Diana Delacruz

Pursuit of the Pudú Deer

Chapter 1

June 199—

Mellehue, Grand Chiloé Island

           Nobody required me to take notes on this visit to Chile, but as soon as I glimpsed Nicolás Serrano on the soccer field, I made plans to dash to Don Carlos’s soup-to-nuts store for a notebook after the game finished. Maybe keeping another journal would anchor me to the ground.

           Or maybe this whole thing was a mistake—I shouldn’t have come back to the Chiloé Islands right now. A mission trip is designed to challenge you, inspire you, not mess up your life. It’s meant to touch your heart, not break it.

           So why was I perched on the edge of my seat in a crowded half-moon of bleachers, with glazed eyes and aching chest? Why was I holding my breath at an inconsequential soccer match in a third-world fishing hamlet? I should have more sense than to harbor even a passing thought about a guy from another world.

           Blame it on raw emotions—after all, I’d just ended one relationship gone sour. But no way did I intend this summer mission project in the backwaters of Chile to morph into some sort of spring break fling. It wasn’t supposed to get complicated.

           But here he was again, the island boy who’d haunted my dreams over the past three years. Now in the flesh in front of me, he raced down the playing field, fleet-footed as a deer, solid and real and more devastatingly handsome than I remembered. All this time, I’d compared every other guy in the world with Nicolás Serrano.

A referee’s whistle screeched. Squeezed onto a bench four rows up in the stands, I craned to see who would make the free kick for the home team. The field blazed a dazzling emerald, streaked with black and white jerseys.

It was almost like a homecoming game, I knew so many of the community players by name—schoolmates from my stint at the town liceo. “Looks like they’ve designated Nicolás,” I said.

“No big surprise there.” My Chilean girlfriend, Miriam Barrientos, elbowed me and winked. “Don’t think I haven’t noticed where your attention is riveted.”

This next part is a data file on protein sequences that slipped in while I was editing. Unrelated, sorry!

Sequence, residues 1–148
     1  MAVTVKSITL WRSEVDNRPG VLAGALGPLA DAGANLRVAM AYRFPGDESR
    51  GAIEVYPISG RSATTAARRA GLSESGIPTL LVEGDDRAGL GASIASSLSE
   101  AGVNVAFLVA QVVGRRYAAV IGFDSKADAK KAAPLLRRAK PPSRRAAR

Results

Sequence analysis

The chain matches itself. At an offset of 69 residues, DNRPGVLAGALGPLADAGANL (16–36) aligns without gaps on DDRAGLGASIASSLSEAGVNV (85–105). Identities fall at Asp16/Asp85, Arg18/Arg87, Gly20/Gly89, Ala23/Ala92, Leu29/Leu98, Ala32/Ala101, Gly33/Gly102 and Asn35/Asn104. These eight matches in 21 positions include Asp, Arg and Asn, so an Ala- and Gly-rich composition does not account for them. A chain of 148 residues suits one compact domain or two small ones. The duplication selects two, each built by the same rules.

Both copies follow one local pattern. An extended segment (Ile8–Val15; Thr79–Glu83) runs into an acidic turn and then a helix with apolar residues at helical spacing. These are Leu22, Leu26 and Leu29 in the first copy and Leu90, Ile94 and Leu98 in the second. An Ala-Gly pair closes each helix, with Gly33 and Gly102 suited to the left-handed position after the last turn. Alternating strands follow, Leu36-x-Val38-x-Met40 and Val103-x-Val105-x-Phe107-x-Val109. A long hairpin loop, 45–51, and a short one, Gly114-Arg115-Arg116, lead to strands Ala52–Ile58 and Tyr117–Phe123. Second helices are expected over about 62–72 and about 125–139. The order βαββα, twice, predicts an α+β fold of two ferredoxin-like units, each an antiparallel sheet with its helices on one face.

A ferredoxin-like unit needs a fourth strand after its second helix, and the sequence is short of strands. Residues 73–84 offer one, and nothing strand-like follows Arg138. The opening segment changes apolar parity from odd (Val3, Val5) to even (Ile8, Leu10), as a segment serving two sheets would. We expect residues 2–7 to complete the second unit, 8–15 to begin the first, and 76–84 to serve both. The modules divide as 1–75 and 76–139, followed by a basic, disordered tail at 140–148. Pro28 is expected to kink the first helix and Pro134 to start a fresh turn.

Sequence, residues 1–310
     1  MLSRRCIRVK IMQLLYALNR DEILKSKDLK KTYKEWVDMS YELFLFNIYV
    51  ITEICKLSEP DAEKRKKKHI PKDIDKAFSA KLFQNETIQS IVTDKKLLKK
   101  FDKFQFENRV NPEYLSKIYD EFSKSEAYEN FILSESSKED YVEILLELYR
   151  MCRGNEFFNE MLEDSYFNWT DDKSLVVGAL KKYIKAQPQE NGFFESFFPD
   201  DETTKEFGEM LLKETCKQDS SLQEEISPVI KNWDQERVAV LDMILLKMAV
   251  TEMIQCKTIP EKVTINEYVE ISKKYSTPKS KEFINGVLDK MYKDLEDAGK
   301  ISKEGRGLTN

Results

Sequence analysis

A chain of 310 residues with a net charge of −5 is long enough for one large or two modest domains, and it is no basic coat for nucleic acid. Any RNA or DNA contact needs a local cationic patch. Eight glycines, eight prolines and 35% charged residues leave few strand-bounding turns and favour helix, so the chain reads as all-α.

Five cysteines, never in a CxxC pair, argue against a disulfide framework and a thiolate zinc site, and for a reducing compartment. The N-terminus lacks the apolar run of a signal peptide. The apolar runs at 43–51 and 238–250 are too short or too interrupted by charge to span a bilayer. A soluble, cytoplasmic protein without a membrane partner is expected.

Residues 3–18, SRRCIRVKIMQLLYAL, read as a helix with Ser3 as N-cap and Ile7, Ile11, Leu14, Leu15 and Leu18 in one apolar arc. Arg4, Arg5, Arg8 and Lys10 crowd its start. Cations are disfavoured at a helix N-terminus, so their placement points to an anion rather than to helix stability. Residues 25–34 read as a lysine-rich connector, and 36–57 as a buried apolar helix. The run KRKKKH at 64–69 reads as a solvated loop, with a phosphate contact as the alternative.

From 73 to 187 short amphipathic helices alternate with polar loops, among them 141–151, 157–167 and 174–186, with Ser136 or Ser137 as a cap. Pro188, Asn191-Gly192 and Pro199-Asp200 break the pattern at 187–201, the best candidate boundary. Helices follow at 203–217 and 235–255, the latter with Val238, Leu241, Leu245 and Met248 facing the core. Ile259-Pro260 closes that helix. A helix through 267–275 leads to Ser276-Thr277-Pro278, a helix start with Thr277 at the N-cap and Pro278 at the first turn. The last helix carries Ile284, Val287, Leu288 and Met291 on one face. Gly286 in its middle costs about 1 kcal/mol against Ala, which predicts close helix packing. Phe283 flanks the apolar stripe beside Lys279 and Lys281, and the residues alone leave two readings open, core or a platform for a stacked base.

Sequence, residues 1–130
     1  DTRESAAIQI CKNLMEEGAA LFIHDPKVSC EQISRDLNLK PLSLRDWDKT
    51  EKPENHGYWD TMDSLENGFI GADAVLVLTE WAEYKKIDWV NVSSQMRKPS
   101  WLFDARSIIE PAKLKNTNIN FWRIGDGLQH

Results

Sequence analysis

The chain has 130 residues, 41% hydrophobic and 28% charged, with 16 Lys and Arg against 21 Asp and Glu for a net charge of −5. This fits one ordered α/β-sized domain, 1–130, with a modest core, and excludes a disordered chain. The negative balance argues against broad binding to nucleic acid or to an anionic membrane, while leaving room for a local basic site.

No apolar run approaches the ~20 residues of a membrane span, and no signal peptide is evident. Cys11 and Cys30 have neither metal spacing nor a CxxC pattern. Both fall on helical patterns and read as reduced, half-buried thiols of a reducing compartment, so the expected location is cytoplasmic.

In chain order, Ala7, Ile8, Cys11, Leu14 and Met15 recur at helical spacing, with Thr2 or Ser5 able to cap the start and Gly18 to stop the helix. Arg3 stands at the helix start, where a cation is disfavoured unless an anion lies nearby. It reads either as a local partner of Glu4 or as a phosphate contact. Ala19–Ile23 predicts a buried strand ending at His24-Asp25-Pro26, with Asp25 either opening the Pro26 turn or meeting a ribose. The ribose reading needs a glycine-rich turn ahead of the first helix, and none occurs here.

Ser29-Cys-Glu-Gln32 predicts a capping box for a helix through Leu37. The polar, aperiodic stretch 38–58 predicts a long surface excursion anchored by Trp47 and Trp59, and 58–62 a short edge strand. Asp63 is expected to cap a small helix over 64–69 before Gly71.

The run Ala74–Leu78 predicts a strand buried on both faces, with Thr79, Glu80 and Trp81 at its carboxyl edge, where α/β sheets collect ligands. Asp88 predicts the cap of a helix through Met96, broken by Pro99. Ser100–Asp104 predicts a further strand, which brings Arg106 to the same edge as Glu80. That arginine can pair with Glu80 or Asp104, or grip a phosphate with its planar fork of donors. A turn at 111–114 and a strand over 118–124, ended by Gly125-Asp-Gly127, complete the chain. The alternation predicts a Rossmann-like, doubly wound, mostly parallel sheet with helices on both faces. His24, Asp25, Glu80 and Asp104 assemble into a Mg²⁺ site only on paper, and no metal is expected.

I couldn’t help the blush that slid up my neck. True enough, I could hardly take my eyes off Nicolás since we’d arrived at the stadium, but I’d hoped my singular focus wasn’t so obvious.

           Just what made his memory shine so unrivaled? At eighteen, wasn’t I too old for an adolescent crush? Surely time and distance had blown my obsession out of all rational proportion. Or was he really the most amazing young man I’d ever met? Nicolás, the Dolphin-Boy, my special friend—perhaps the best friend I’d ever had.

I pretended to ignore Miriam’s not-so-subtle teasing. “It’s great to be back here, Miri. Mellehue versus Castro, it’s a Saturday classic—”

One of the opposition players headed off Nicolás’s shot on net. Out of control, the ball blasted toward the bleachers, hurtling right at me. I flung out my arms and trapped it against my chest. Air rushed out of my lungs in a sharp gasp.

I lurched to my feet to toss the ball back onto the field, but in an instant, Nicolás himself bounded up the benches to retrieve it. Our eyes met in mutual recognition, and something more. The throng of people around us blurred into the background of my vision.

Flashing a roguish smile, he tucked the ball under his arm, lifted my hand, and kissed the back of it. “Welcome home to Chiloé, Melissa Travis.”

“Some welcome. I’m stunned.”

He bowed. “I see you’re still on your fútbol toes. Not bad, señorita.” Then he whirled and vaulted back to the ground.

“Well, well.” Miriam leaned back. Even slouching, she was half a head taller than me. “Didn’t take you two long to pick up the conversation where it left off three years ago.”

            I bit my lip and rubbed my breastbone. Gonna have a bruise there. “Guess he hasn’t forgotten me, at least.” I’d fallen irrevocably in love with this last corner of the earth, as they called it, during the seven months I’d spent here before. I’d never be the same again. But though I could never forget Chiloé as long as I lived, my time in Chile probably hadn’t impacted my Chilote friends as much as it had me.

“You think anybody’s forgotten you?” Miriam shook her mane of pencil-lead-straight hair. “Not likely, by the avalanche of greetings this afternoon.”

“It’s just, no one’s written much lately.” Miriam, loyal as an old nanny, had kept up, but I’d hardly heard anything from Nicolás over the past year. We’d corresponded often those first couple of years. His last letter, no more than a note scribbled inside a Christmas card, mentioned his grandmother Luisa’s death, his high school graduation, and his new job with our classmate Delicia’s father. That was all…